Johnson: You had better like China. Chinese stocks, which fall under various definitions, make up nearly 30% of this fund's portfolio as it stands today. What I would stress there is that again, this reflects the opportunity set that's available to investors in emerging markets. China's rise to prominence in this particular index, especially very recently, has been driven by a surge in the technology sector, which has been spearheaded by a pair of tech giants, Tencent and Alibaba, which together comprise a pretty substantial piece of this index portfolio. It's important to peel back the label on the tin and understand both the country and the individual security level exposures that you're assuming in this fund. Decide whether or not you're comfortable with the risks that are associated with that, which have to do with doing business in China, the specifics of the tech sector, and there's an element of currency risk that's important to understand when it comes to investing in emerging markets as well.

Benz: Those are more or less vanilla capitalization-weighted products. You also brought some strategic beta funds that put some spin on the ball, rather than investing in a cap-weighted index. Let's start with the first. It's Vanguard International High Dividend Yield Index, VYMI is the ticker. It lands in the foreign large-cap value category. It has a pretty nice yield of 3%. We have it rated as Bronze. Why do you and the team like this one?

Johnson: We like it's very simple and elegant approach to constructing a portfolio of international stocks that pay above average yields. It starts with the universe of stocks that reside outside the US. It looks at those that are expected to have the highest yields over the next 12 months, and adds those to the portfolio until it winds up with about 50% of the market cap of the beginning universe. Now, what that does is it mitigates some of the risk that's associated with just investing in higher yielding stocks. They have higher yields for a reason, which may be that they're inherently more risky, that they're going through a rough patch. Investors are probably selling these stocks recently, for one reason or another.

Now, by anchoring on market cap, what it does is it pulls the portfolio toward the largest names in that universe; these are more stable firms. They are firms that tend to have either wide economic or narrow economic moats, in Morningstar parlance, which means that in all likelihood their dividends are more defensible. It also owns a large number of securities, especially relative to some other strategies that try to achieve a similar objective, which can hide some of the errors. Some of the issues that might crop up, when one or two or three of the stocks included in that portfolio prove to be sporting high yields for a very good reason, because they are indeed distressed.

Benz: Your next strategic beta pick is iShares Edge MSCI Minimum Volatility. The ticker is USMV. Before we get into this particular fund, can you state what you think are the main advantages of a low volatility strategy? Why you might even want to approach the market in this fashion?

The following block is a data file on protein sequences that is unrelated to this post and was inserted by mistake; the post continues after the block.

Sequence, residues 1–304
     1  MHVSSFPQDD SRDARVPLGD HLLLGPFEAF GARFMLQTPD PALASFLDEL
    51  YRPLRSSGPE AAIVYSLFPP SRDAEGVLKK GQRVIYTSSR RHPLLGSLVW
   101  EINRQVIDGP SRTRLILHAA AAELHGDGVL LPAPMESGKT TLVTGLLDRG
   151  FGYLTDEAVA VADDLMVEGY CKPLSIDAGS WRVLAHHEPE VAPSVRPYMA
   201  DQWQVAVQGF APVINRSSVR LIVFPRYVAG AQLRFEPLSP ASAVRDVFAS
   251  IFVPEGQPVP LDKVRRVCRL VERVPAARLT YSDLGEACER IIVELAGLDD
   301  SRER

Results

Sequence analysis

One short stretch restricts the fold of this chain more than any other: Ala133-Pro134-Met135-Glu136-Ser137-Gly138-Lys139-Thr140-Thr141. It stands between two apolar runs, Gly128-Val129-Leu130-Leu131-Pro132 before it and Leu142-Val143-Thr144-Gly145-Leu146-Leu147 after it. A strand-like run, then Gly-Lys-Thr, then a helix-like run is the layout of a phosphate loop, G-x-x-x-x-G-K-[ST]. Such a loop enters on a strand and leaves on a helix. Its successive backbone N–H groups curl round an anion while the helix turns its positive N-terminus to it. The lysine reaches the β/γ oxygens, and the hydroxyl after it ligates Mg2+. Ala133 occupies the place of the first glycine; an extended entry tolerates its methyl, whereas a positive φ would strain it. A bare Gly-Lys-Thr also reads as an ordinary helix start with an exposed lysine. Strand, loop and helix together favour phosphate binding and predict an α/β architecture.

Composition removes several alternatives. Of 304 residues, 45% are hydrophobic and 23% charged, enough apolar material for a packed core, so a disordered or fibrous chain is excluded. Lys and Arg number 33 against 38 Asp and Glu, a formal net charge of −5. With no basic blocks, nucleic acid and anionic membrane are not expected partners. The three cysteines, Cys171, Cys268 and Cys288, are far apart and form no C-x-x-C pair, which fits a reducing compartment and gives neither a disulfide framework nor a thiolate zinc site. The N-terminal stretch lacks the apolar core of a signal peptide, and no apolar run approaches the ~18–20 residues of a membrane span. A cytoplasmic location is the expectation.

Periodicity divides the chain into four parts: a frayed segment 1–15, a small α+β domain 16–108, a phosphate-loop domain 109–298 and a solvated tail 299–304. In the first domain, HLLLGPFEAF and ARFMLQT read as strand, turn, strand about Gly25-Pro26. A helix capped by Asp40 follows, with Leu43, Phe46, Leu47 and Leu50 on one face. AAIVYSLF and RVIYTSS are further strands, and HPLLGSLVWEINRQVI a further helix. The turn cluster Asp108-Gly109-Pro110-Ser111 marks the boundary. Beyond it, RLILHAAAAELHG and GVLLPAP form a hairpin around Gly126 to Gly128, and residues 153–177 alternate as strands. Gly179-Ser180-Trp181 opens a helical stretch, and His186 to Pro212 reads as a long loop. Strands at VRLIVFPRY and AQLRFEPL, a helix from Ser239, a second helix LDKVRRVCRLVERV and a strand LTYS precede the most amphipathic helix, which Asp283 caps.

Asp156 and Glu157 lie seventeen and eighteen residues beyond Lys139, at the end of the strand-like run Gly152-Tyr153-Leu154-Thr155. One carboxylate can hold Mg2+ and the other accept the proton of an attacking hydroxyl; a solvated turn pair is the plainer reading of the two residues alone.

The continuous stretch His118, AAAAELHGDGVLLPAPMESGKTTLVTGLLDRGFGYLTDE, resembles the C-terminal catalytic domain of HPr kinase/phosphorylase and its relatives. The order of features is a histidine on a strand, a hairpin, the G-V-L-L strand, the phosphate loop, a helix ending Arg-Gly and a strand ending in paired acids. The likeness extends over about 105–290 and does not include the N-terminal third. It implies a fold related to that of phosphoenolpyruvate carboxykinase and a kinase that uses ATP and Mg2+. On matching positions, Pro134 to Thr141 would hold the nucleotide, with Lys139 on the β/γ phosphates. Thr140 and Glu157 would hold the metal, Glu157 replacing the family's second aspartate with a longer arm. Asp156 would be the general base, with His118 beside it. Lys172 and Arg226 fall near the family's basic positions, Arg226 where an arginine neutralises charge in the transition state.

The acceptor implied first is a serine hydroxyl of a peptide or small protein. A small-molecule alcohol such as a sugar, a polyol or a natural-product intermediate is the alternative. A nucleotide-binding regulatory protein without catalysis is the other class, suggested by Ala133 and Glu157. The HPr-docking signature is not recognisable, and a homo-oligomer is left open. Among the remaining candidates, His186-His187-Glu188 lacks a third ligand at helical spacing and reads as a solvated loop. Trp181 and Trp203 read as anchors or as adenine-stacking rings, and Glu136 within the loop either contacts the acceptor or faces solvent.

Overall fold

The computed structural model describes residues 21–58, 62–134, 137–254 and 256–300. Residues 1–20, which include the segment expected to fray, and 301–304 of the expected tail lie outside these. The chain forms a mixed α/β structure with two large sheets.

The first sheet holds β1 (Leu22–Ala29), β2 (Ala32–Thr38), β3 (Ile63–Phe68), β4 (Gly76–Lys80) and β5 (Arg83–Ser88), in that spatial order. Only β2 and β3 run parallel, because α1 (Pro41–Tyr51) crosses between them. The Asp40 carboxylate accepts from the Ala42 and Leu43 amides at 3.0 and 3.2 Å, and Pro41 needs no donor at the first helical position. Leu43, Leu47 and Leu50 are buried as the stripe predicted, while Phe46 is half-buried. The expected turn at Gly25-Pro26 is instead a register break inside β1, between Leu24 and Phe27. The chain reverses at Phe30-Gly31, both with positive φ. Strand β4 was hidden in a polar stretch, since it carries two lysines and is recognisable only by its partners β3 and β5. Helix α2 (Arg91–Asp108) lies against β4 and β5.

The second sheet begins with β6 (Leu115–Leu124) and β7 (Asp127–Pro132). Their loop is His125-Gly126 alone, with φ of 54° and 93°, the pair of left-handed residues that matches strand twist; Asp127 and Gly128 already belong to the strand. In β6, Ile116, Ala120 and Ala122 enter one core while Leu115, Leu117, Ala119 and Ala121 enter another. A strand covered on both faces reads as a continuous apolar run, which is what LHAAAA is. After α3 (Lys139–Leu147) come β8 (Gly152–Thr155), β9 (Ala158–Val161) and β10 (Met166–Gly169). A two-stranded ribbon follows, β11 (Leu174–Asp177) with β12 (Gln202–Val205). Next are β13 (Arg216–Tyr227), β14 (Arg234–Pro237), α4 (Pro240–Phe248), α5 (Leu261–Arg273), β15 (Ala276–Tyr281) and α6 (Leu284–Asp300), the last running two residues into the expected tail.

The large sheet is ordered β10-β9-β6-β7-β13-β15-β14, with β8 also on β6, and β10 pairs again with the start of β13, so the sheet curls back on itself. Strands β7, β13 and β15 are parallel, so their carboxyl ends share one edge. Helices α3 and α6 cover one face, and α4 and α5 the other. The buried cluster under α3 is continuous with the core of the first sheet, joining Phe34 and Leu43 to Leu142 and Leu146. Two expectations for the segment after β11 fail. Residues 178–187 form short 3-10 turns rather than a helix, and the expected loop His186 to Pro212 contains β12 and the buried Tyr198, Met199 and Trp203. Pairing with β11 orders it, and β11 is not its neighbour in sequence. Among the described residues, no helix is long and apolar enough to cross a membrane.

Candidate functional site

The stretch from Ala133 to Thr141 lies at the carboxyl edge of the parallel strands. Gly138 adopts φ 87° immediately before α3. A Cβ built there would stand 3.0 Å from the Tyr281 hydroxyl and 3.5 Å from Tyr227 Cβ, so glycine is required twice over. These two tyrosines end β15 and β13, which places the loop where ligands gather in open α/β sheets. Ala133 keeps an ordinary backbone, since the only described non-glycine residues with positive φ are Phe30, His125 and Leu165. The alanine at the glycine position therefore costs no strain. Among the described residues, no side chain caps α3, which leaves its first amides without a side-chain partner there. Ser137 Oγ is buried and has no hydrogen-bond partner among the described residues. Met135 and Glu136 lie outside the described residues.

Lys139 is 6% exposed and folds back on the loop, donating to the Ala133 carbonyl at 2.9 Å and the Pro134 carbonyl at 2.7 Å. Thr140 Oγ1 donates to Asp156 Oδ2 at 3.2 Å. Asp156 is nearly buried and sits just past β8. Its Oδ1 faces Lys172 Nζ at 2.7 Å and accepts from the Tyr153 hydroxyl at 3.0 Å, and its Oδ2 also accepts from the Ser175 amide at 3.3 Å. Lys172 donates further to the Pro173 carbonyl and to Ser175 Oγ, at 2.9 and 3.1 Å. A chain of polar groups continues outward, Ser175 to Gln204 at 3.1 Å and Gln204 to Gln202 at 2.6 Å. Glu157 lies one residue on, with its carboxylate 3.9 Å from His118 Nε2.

Johnson: I think at this particular point in the market cycle, probably the key advantage of a low volatility strategy would be behavioral, to maintain equity exposure and maintain a type of equity exposure that you would be more likely to stick with. I say more likely to stick with in that the low volatility products that are out there, and USMV in particular, has shown over its track record--which has not, I should point out, included a bear market, but a number of pronounced drawdowns--to have much lower standard deviations, so just general volatility, relative to the market. Much less sensitivity as measured by its beta to the market. It's beta to the S&P 500 has been 0.67 over the past three years, which means anytime the S&P has moved 1%, it's gone up 0.67%. It's had relatively muted drawdowns as well. Those relatively muted drawdowns, I think, are a key feature that might help investors stick with this particular fund and stick with just U.S. equity strategy should we go through another bear market.

Benz: That's an important advantage, keeping people in their seats. Let's turn to your last idea for IRA contributors. This is Schwab US Dividend Equity. The ticker is SCHD. This lands in the large-cap value category. It has a decent yield, and one thing that I've often thought about, you talk about these yield focused ETFs either being payers, or yielders, or growers. Where does this one land?

Johnson: SCHD is interesting, because it tries to kind of combine the best of both worlds. It starts with a subset of stocks that have paid dividends for 10 years, so there's an element of sustainability and growth that's infused in this index methodology at the onset. It then looks at the highest yielding half of that first cut, so income is a bit of a yield orientation, a bit of a value orientation. It then looks at that subsequent cut, and screens on the basis of different fundamental metrics to understand whether or not these dividend payments are indeed sustainable, whether or not they will grow. It's kind of a cocktail of both yielder and grower.

What you've seen and what comes out in the wash is a fairly concentrated portfolio. It holds around 150 stocks, of very high quality firms that have indeed grown their dividends over time, and in all likelihood will continue to do so over time, but might be relatively depressed with respect to their valuation. You're not going to get a huge value kicker here, but there's a whiff of that in the mix as well.

Benz: Ben, thank you so much for being here to share your picks. It's always great to hear your insights.

Johnson: Thanks for having me.

Benz: Join us here in a few moments. We'll be bringing back Sarah Bush. She will be sharing some bond fund picks to consider for your IRA. Just sit tight for just a couple of moments. Thank you.

Ben Johnson does not own (actual or beneficial) shares in any of the securities mentioned above. Find out about Morningstar’s editorial policies.